Firm gets greenlight to uproot and export Kilifi baobab to Georgia

A baobab tree uprooted  at Tezo area in Kilifi North constituency 

Photo credit: Maureen Ongala I Nation

The government has approved the uprooting of baobab trees in Kilifi County for export to Georgia.

This is after the Kenya Plant Health Inspectorate Service (Kephis), environment watchdog Nema and the Kilifi County government gave

the greenlight to Ariba SeaWeed International to cut the trees in Mtondia and Tezo for botanical purposes for two years.

Eight huge baobab trees have already been uprooted and will be shipped to Shekvetili Dendrological Park Ltd in Ureki, Ozurgeti Municipality.

The Kenya Forest Service (KFS) issued the approval on November 1.

The KFS said it allowed the uprooting of the baobabs because the International Union for Conservation of Nature (IUCN) lists them as an endangered species.

It also said the baobab is not a protected tree species in Kenya and not on any appendices of the Convention on International Trade in

Endangered Species of Wild Fauna and Flora (CITES), a multilateral treaty to protect endangered plants and animals from the threats of international trade.

The KFS issued the permit following Nema’s approval through an environmental impact assessment (EIA) report, while the Kilifi County government issued certificates of origin and permits to harvest on October 2.

For their part, baobab farmers and proponents have indicated a willingness to trade, while Kephis issued a phytosanitary certificate.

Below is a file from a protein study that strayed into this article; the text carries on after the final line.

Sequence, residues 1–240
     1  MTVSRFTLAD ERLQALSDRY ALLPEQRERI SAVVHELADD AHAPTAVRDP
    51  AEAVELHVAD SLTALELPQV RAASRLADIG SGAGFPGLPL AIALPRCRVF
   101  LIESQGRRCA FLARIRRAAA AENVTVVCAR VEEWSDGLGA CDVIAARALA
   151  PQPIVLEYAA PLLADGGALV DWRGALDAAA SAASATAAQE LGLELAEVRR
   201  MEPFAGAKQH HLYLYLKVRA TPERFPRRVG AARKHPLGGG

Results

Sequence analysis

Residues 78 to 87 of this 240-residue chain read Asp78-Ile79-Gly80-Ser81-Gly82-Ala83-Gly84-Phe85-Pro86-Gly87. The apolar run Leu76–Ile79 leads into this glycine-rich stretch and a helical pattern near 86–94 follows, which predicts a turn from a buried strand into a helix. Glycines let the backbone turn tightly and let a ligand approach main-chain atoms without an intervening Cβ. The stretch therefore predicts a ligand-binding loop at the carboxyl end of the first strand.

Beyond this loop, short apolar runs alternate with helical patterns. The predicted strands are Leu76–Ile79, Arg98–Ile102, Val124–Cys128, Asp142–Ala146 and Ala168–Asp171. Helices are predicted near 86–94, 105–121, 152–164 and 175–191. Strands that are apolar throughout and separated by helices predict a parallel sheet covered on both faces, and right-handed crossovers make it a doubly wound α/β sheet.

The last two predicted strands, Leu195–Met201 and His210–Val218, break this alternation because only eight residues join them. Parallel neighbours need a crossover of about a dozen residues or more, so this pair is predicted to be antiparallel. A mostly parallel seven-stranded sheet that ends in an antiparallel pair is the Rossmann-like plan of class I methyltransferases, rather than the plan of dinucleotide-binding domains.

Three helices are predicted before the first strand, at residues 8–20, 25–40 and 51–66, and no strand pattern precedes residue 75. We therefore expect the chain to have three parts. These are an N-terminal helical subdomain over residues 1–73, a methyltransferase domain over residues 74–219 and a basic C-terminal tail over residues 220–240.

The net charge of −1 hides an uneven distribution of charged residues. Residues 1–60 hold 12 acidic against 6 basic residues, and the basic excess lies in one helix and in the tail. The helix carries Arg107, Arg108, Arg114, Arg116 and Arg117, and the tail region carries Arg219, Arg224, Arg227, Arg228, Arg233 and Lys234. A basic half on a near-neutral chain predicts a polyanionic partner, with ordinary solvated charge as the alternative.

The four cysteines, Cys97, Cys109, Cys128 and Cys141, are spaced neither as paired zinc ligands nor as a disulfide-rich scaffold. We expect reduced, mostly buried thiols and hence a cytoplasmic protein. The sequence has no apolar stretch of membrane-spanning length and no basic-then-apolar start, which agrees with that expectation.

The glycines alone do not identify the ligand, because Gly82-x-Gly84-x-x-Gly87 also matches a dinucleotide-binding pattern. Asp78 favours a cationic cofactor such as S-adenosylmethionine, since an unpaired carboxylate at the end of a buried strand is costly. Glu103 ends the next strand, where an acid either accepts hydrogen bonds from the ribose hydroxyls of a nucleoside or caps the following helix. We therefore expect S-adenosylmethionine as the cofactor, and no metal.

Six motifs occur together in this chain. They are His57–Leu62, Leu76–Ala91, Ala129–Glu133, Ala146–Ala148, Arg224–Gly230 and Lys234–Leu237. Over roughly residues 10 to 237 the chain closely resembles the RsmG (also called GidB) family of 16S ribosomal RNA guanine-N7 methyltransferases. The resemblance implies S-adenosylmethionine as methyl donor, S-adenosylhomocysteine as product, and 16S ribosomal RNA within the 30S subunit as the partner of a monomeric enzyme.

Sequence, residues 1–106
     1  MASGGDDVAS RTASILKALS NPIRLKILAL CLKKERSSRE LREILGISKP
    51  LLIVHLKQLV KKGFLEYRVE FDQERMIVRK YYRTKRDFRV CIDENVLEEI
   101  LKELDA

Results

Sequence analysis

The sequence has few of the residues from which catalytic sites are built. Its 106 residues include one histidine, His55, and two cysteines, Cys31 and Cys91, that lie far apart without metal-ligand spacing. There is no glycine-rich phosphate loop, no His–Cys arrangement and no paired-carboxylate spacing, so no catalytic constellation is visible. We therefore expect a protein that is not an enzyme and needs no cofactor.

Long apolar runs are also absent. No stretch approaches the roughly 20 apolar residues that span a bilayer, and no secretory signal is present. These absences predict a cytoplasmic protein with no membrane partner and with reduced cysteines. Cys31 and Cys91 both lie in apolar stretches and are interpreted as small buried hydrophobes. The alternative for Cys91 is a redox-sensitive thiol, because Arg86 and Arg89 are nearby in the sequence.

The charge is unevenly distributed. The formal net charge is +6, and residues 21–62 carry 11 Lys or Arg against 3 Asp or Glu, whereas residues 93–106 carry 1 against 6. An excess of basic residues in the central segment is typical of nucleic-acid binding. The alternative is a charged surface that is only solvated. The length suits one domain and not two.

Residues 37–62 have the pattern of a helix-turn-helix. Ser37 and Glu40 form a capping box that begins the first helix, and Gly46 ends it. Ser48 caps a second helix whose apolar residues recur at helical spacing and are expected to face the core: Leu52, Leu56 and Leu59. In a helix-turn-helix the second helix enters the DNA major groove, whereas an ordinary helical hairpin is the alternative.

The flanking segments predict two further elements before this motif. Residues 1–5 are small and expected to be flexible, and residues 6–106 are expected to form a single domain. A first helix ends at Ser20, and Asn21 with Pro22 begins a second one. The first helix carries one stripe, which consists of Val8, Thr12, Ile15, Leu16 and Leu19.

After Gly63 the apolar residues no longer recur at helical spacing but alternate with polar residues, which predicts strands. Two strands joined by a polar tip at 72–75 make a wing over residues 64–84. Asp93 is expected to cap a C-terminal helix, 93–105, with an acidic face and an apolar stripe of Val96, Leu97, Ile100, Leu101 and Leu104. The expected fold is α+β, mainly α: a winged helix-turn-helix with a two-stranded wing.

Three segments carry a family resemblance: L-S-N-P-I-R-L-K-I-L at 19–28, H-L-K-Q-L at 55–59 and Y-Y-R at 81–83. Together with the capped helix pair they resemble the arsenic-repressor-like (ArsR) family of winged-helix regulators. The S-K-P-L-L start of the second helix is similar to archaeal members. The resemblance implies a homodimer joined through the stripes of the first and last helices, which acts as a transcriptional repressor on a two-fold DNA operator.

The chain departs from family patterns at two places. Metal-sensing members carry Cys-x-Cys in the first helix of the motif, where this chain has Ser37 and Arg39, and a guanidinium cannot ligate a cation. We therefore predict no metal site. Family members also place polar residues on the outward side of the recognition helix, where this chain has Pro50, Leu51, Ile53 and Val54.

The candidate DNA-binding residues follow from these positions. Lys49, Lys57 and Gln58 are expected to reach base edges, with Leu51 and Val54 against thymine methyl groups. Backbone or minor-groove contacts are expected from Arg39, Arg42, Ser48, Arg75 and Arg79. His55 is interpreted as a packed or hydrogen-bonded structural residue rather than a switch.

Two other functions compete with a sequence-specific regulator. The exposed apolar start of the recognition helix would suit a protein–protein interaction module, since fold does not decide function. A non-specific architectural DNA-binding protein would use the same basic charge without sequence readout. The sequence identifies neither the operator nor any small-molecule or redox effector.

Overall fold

Nema had filed a case in court to challenge the process after discovering that the trees were for export.

But it presented to the court a report on the impact assessment (License No NEMA EAI/PSL/21731) and an application (NEMA/EIA/PSR/34375) received from a Mr George Gvasaliya regarding the uprooting of eight baobab trees in Kilifi for export.

Kilifi Senior Principal Magistrate Justus Kituku withdrew the case.

Nema said it had reviewed the sites where the trees would be uprooted and issued a licence to the company.

But the agency asked the company to put in place an effective dispute resolution mechanism to address any concerns that might arise concerning the uprooting of the trees.

The letter from the Kilifi County government to Mr Gvasaliya acknowledged the receipt of the EIA, license No. NEMA /EIA/PSL/21731, for uprooting the baobabs.

“Having followed the required procedures, the department has not allowed the transportation of the trees. Approval is issued to allow Mr George to transport the produce to its final destination,” said Director for Environment Zena Mohamed.

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